The term cyclic antidepressant (CA) refers to a group of pharmacologically related xenobiotics used for treatment of depression, neuralgic pain, migraines, enuresis, and attention deficit hyperactivity disorder. Most CAs have at least three rings in their chemical structure. They include the traditional tricyclic antidepressants (TCAs) imipramine, desipramine, amitriptyline, nortriptyline, doxepin, trimipramine, protriptyline, and clomipramine, as well as other cyclic compounds such as maprotiline and amoxapine.
Imipramine was the first TCA used for treatment of depression in the late 1950s. However, the synthesis of iminodibenzyl, the “tricyclic” core of imipramine, and the description of its chemical characteristics date back to 1889. Structurally related to the phenothiazines, imipramine was originally developed as a hypnotic for agitated or psychotic patients and was serendipitously found to alleviate depression. From the 1960s until the late 1980s, the TCAs were the major pharmacologic treatment for depression in the United States. However, by the early 1960s, cardiovascular and central nervous system (CNS) toxicities were recognized as major complications of TCA overdoses. The newer CAs developed in the 1980s and 1990s were designed to decrease some of the adverse effects of older TCAs, improve the therapeutic index, and reduce the incidence of serious toxicity. Other CAs include the tetracyclic drug maprotiline and the dibenzoxapine drug amoxapine.
The epidemiology of CA poisoning has evolved significantly in the past 30 years, resulting in great part from the introduction of the selective serotonin reuptake inhibitors (SSRIs) and other newer antidepressants for the treatment of depression. Although the use of CAs for depression has decreased over the past 20 years, other medical indications, including chronic pain, obsessive-compulsive disorder, and, particularly in children, enuresis and attention deficit hyperactivity disorder have emerged, resulting in their continued use. The antidepressants are a leading cause of drug-related self-poisonings in the developed world, primarily because of their ready availability to people with depression or chronic pain who by virtue of their diseases are at high risk for overdose. However, despite the increase in SSRI use and overdose, patients with TCA overdoses continue to have higher rates of hospitalization and fatality than do those with SSRI overdose.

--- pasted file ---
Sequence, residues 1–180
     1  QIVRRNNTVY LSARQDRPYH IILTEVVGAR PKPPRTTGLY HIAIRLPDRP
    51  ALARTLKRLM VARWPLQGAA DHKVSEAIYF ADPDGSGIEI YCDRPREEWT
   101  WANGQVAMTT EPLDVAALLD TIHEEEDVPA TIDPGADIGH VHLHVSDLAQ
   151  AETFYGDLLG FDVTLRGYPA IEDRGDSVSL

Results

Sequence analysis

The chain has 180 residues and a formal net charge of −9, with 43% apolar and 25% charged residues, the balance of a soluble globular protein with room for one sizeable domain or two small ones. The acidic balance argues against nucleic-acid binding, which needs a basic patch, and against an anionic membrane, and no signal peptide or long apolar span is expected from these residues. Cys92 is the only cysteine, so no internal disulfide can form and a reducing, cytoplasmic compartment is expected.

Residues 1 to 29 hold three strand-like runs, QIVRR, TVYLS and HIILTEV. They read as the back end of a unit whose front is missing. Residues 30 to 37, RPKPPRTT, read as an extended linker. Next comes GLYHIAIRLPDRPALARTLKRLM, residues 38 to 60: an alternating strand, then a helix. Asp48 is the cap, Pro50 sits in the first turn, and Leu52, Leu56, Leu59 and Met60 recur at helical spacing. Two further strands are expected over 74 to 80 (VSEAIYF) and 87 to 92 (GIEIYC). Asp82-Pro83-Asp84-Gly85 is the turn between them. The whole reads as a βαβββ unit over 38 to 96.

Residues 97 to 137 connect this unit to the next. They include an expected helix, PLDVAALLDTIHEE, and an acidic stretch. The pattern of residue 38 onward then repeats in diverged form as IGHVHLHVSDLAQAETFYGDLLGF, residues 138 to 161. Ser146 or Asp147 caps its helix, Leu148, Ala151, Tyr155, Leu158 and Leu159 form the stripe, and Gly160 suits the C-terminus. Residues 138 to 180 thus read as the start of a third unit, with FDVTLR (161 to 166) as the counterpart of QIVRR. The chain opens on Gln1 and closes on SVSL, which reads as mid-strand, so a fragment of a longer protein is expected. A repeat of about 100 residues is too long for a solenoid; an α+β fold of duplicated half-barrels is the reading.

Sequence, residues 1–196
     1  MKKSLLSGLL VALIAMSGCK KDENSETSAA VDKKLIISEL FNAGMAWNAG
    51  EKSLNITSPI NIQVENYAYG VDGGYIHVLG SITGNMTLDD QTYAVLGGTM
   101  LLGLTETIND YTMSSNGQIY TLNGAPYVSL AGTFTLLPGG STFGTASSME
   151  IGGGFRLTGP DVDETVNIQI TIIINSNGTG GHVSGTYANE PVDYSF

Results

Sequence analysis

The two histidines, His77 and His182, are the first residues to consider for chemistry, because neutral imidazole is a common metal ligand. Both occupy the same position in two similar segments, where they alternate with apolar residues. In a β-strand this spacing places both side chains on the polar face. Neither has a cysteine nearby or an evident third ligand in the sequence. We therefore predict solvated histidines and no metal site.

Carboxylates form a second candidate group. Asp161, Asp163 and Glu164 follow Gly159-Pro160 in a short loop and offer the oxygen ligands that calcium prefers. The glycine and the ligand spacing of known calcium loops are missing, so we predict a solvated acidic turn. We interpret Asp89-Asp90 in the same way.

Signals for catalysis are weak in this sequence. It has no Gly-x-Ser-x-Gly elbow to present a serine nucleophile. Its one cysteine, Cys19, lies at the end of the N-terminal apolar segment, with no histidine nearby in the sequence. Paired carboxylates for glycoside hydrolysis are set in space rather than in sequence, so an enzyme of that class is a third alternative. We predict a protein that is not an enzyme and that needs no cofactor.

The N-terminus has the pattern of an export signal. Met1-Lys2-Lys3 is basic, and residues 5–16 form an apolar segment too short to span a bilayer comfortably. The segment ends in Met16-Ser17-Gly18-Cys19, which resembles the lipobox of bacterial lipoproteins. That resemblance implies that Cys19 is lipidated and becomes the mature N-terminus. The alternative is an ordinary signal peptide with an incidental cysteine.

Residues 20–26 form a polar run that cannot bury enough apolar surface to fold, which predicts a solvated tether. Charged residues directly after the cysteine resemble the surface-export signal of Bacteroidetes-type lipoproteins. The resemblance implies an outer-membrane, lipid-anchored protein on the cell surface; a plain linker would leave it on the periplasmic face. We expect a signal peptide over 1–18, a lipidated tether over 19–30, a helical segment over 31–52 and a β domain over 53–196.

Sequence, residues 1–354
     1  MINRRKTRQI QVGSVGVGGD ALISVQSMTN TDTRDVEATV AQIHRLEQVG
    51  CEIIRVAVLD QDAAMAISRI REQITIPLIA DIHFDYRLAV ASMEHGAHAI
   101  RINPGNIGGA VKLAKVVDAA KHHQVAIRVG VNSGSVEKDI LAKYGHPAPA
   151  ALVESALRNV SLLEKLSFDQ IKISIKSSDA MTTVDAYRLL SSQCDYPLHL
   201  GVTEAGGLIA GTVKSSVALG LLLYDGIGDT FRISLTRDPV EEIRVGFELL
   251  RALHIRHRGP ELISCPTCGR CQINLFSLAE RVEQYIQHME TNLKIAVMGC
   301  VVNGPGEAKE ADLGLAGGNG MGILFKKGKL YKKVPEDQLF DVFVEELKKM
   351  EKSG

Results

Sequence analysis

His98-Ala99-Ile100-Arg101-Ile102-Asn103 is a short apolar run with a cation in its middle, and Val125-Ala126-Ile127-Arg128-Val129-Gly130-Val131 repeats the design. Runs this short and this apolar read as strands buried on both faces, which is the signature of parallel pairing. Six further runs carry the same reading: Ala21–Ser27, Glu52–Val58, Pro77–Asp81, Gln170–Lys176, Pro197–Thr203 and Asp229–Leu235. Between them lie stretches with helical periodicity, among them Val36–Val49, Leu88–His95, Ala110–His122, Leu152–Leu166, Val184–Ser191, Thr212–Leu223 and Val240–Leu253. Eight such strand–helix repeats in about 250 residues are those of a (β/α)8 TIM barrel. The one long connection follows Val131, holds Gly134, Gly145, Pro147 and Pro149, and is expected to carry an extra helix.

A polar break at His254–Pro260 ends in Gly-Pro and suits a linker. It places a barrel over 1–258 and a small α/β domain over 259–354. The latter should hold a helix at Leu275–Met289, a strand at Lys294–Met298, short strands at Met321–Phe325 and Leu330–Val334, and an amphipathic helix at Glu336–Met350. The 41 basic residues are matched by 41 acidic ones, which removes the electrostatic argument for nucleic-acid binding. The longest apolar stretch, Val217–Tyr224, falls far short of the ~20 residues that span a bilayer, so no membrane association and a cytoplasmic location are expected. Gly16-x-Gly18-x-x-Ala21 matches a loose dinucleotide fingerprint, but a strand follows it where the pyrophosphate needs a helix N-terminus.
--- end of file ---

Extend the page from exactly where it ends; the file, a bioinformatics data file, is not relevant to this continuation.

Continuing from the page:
Children younger than 6 years have consistently accounted for approximately 12% to 13% of all CA exposures reported to poison centers during each of the last 15 years (Chap. 136). Despite the emergence of the SSRIs in the early 1990s, TCAs are still frequently prescribed by pediatric office based practices for many of the conditions noted above. Following the October 2004 US Food and Drug Administration Black Box Warning about the increased risk of suicidal behavior associated with antidepressant use, several reports have described significant declines in antidepressant dispensing in children compared to historical trends.25 Nevertheless, CA poisoning likely will continue to be among the most lethal unintentional drug ingestions in younger children because only one or two adult-strength pills can produce serious clinical effects in young children.